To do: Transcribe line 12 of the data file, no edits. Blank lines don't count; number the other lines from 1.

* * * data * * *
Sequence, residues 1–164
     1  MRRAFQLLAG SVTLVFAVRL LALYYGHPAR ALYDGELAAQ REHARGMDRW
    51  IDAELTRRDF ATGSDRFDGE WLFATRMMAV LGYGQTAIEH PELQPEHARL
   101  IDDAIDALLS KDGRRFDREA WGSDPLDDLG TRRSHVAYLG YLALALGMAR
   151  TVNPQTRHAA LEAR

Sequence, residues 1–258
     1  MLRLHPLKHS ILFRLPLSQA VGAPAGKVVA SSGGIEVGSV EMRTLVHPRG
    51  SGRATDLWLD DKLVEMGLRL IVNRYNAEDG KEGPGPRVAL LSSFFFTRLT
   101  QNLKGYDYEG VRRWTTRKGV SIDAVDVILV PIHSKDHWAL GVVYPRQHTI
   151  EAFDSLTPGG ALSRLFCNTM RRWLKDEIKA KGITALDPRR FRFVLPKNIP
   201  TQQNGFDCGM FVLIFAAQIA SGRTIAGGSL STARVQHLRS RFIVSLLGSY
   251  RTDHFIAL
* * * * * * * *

   251  RTDHFIAL